The deal carries a total value of $18 million and provides all class members with minimum payments of $20 and additional money based on the size of their investments in the 39 T. Rowe Price funds challenged by the lawsuit, the plaintiffs said in a Jan. 7 settlement motion filed in the U.S. District Court for the District of Maryland. The deal requires T. Rowe Price to add a brokerage window to the plan, which the filing says will “allow Plan participants, for the first time, to invest in a wide range of non-T. Rowe Price investment funds.”
The settlement also reflects a $6.6 million payment T. Rowe Price made to more than 6,000 class members in 2019. This earlier payment—which the settlement request says is now worth $11 million after investment returns—was a response to this lawsuit and an attempt by defendants to “mitigate their liability” on claims of self-dealing under the Employee Retirement Income Security Act, according to the settlement motion.
“The litigation has been hard-fought and vigorously litigated at every stage,” the motion said. “It has included a broad motion to dismiss, extensive fact discovery including sixteen fact depositions and Plaintiffs’ review of over 100,000 pages of Defendants’ documents, six expert reports from Plaintiffs’ experts, three expert reports from Defendants’ experts, six expert depositions, and comprehensive summary judgment motions from each side involving hundreds of exhibits.”
The parties reached a tentative deal in July 2021, two months before the case was set for trial and shortly after the trial court declined to certify plan participants’ appeal to the U.S. Court of Appeals for the Fourth Circuit on the novel legal question of whether an ERISA plan fiduciary can avoid liability for offering in-house funds by “hardwiring” a preference for such funds into the plan document.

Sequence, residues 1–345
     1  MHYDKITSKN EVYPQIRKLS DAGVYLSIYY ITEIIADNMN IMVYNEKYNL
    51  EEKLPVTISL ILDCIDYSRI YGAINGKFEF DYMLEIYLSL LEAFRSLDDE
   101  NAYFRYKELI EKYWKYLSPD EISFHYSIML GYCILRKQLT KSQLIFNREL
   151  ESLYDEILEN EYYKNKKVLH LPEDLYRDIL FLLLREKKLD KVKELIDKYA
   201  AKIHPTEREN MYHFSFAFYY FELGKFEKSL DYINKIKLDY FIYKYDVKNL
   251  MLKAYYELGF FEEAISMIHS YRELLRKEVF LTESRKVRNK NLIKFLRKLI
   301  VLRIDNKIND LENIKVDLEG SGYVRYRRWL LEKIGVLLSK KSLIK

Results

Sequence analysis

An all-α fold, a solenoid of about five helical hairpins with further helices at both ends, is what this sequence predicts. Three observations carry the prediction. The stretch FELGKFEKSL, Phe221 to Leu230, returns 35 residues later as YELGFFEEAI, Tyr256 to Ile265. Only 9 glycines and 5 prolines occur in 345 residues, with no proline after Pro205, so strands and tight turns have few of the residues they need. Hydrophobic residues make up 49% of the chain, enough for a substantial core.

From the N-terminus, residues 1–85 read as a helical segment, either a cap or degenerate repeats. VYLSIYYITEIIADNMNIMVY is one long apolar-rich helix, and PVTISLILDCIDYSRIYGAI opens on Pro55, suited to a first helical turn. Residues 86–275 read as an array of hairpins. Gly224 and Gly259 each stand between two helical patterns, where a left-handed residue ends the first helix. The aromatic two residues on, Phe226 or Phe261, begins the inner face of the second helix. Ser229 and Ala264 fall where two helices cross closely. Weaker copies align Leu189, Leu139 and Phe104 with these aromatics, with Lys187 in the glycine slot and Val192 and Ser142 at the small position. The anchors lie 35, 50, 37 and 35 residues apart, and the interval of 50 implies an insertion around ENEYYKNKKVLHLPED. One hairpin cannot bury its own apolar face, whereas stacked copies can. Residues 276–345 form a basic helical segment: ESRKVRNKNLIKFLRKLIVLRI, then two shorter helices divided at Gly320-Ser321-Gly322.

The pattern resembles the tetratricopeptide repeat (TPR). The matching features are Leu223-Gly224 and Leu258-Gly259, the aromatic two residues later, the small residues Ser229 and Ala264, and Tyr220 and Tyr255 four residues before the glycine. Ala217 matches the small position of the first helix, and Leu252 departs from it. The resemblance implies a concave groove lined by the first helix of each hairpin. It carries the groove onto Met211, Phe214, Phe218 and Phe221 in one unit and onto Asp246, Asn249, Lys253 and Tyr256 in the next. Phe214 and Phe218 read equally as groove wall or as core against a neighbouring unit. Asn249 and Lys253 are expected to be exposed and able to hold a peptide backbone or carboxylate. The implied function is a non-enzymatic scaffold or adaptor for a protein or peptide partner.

The participants objected to portions of a 2021 opinion in which Chief Judge James K. Bredar allowed their ERISA lawsuit to go to trial. In the opinion, Bredar declined to invalidate the T. Rowe Price plan’s hardwiring provision, which the participants say is an illegal “anti-exculpation provision” that attempts to relieve plan fiduciaries from liability in violation of ERISA.
The lawsuit accuses T. Rowe Price of profiting from its employee 401(k) plan by filling it almost exclusively with affiliated investment products that paid fees to the company.
The participants are represented by Cohen Milstein Sellers & Toll PLLC and McTigue Law LLP, which stand to receive $3.5 million in attorneys’ fees if the deal is approved.
T. Rowe Price is represented by O’Melveny & Myers LLP.
The case is Feinberg v. T. Rowe Price Grp., Inc., D. Md., No. 1:17-cv-00427, motion for preliminary settlement approval 1/7/22.